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Can medicinal plants substitute pharmaceutical drugs?

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FK
Felix Krengel Aug 31, 2020
Are medicinal plants and their derivatives a serious alternative to pharmaceutical drugs? If yes, how should their production and use be regulated in order to make them available to everybody? How would different regulatory systems impact global health care?

Many people believe that using “natural” remedies, such as dried plant material or herbal preparations (e. g. organic extracts), is a generally safer, more gentle, and more sustainable way to treat medical conditions than relying on the products of the pharmaceutical industry. But is that really true? Let’s consider the facts:

  1. The pharmaceutical complex is a billion-dollar industry whose main interest is to make profit and not necessarily to provide every inhabitant of the world with cheap and effective drugs.
  2. From a commercial point of view, it may be more reasonable to develop drugs that control the symptoms of a medical condition, and thus have to be taken (and bought) over a period of many years, than to aim for a cure. This is particularly true when considering the high costs associated with the development of new prescription drugs.
  3. In consequence, many important pharmaceutical drugs are too expensive to really be available to everyone who needs them, especially in developing countries and remote regions.
  4. Medicinal plants have been used by humankind for millennia to treat medical conditions and are an alternative to pharmaceutical products. Cordell (2015) estimates that 6.5 billion persons are using herbal preparations in one form or another, and that as much as 80% of inhabitants of developing countries rely principally on medicinal plants in order to cover their basic health needs!
  5. In contrast to pharmaceutical drugs, herbal preparations can be obtained and produced at a much lower cost, but there are several drawbacks, such as limited mass production, difficult quality control and standardization between batches, as well as the lack of research regarding the establishment of production and administration protocols that guarantee a consistent measurable health effect.
  6. Additionally, herbal preparations tend to consist of a combination of active compounds instead of a single one. In the best case, this may have beneficial synergistic effects, but in the worst case, some substances may have toxic side effects. Herbal remedies are usually not required to undergo rigorous safety testing in a similar manner as pharmaceutical drugs are. Hence, harmful properties may go unnoticed.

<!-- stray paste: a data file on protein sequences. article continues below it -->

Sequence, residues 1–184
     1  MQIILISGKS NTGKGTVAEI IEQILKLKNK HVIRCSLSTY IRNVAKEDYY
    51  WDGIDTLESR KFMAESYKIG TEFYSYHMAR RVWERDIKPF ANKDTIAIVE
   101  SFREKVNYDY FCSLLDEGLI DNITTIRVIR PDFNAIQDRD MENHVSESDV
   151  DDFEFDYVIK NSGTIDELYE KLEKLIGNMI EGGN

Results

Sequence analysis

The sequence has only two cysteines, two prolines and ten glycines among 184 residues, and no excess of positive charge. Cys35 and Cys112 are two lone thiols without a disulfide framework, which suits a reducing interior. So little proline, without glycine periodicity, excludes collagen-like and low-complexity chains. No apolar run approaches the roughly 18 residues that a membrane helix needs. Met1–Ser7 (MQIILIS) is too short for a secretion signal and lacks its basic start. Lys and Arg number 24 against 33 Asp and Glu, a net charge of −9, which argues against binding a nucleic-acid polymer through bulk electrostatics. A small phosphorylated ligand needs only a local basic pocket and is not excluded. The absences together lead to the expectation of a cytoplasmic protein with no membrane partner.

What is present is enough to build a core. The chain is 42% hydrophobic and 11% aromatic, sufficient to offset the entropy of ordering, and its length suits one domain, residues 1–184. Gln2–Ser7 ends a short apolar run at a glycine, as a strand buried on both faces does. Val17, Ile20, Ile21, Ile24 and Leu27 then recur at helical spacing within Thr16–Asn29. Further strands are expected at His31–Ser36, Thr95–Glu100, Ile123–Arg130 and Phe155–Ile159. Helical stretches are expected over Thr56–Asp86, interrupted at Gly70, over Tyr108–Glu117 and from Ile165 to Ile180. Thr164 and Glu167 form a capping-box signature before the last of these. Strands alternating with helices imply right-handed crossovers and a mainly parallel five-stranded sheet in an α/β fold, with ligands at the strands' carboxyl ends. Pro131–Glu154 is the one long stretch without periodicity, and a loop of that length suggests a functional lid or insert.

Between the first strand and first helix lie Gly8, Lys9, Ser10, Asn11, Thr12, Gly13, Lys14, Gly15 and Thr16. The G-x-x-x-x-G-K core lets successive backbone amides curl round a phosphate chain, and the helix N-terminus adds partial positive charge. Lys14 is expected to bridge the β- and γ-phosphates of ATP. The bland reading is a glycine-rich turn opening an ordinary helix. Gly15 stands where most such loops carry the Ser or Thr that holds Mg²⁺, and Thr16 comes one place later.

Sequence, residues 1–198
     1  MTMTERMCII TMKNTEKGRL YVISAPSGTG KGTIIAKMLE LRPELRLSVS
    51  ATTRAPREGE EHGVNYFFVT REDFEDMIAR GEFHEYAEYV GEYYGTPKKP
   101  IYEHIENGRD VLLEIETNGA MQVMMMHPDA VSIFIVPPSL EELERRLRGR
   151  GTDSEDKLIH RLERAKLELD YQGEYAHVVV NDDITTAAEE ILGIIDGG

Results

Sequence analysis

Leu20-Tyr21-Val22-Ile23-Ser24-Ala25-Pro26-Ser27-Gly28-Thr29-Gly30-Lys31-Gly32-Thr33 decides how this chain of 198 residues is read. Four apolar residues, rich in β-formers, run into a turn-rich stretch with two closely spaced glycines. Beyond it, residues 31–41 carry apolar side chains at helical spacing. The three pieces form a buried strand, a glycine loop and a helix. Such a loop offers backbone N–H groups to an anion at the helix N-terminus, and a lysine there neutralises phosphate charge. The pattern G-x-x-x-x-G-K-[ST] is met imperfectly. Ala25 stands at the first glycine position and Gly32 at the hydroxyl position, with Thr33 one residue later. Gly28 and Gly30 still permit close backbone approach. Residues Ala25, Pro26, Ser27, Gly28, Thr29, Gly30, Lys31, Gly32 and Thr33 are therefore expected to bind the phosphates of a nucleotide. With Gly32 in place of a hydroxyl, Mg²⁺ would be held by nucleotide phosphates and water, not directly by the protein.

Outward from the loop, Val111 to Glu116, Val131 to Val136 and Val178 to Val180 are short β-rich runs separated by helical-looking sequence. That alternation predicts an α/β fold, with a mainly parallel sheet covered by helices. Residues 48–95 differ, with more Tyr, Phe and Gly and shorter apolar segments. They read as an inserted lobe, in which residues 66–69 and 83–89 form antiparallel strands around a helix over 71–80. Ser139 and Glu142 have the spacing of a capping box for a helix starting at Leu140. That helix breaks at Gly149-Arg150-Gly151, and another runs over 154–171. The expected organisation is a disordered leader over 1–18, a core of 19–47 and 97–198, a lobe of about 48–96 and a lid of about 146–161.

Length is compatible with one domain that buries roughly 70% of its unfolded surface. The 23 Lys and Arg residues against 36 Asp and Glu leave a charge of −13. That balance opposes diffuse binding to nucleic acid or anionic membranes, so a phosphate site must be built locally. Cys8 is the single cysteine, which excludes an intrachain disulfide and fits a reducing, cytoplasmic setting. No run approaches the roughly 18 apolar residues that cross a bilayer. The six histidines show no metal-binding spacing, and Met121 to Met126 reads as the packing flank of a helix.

So what’s your opinion on this matter? Do medicinal plants have the potential to substitute pharmaceutical drugs? Or are they only an alternative on a regional or local scale? Do you think herbal preparations are more or less safe/efficient/sustainable/toxic/dangerous/reliable/etc. than the latter? And how do plants compare to drugs when the aim is to prevent rather than treat diseases? How could a plant-based health care approach look like in comparison with the current health care system? Let’s discuss this controversial topic with an open mind considering only the facts!

https://www.sciencedirect.com/science/article/abs/pii/S1874390014001633
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Creative contributions

Local "pharmers" theory

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Juran Aug 31, 2020
Great topic! As a molecular biologist/medical chemist, I find it very intriguing to hear what people have to say about the so-called "untapped potential of herbs". I will share my thoughts. Team Pharma We often forget that the pharma industry is not a local farm gone big. It is a strictly regulated, highly competitive business that needs to obey the business rules. The first golden rule is that profit matters. For pharma, money means patent, and the patent requires an invention to be something specific and novel - patentable. In nature, most of the compounds don’t act as single agents and therefore, are not patentable. Because it costs money to make money, non-patentable products are, in the current market, considered as an investment “black holes”. It is not always about profit and getting rid of the symptoms and the symptoms only. Sometimes it’s just how business work. (I don't defend pharma companies, I just don't blame them.) Team Herbals It is questionless that herbal preparations have the potential to substitute some of the pharmaceutical drugs. For five years, I have been researching local plant extracts and their cytotoxic effects on tumor cells and I would say that the mentioned problems concerning quality and standardization are technicalities that can be solved by brainstorming, what people love to do. They just need a good motivation and a regulatory body that will give them a niche to work in. Another big problem is that new regulatory requirements, allowing plant-based extracts to enter the big market, are being carefully (read slowly) implemented (1). Because of that, it could easily happen that the pharma industry will not be the driver of the change, but small local farmers and their “natural domestic products”. Among varieties of fruits and vegetables, we can already see many oils, drops, and balsams showing up on domestic product fairs. It is just a matter of time when the labels will start to contain the information about the composition, listing all the specific compounds we were using for years! So, I give my vote to local farmers becoming local "pharmers" and saving the world. Hey, if Uber found a way how to make the transportation cheaper, we can do it with drugs, too. References: (1) https://www.gesundheitsindustrie-bw.de/en/article/news/the-great-untapped-potential-of-herbal-medicines